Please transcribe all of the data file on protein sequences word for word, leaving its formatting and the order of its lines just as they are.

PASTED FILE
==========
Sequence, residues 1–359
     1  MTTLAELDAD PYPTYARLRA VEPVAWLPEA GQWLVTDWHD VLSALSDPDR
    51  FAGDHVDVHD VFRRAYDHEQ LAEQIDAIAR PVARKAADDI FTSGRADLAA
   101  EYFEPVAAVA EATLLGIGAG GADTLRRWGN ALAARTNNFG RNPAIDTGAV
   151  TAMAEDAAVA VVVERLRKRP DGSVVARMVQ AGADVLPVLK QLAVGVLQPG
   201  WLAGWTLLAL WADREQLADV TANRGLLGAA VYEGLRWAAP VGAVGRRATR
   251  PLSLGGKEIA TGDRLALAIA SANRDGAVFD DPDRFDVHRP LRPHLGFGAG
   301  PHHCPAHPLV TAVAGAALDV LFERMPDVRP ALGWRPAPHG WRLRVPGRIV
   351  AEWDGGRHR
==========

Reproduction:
Sequence, residues 1–359
     1  MTTLAELDAD PYPTYARLRA VEPVAWLPEA GQWLVTDWHD VLSALSDPDR
    51  FAGDHVDVHD VFRRAYDHEQ LAEQIDAIAR PVARKAADDI FTSGRADLAA
   101  EYFEPVAAVA EATLLGIGAG GADTLRRWGN ALAARTNNFG RNPAIDTGAV
   151  TAMAEDAAVA VVVERLRKRP DGSVVARMVQ AGADVLPVLK QLAVGVLQPG
   201  WLAGWTLLAL WADREQLADV TANRGLLGAA VYEGLRWAAP VGAVGRRATR
   251  PLSLGGKEIA TGDRLALAIA SANRDGAVFD DPDRFDVHRP LRPHLGFGAG
   301  PHHCPAHPLV TAVAGAALDV LFERMPDVRP ALGWRPAPHG WRLRVPGRIV
   351  AEWDGGRHR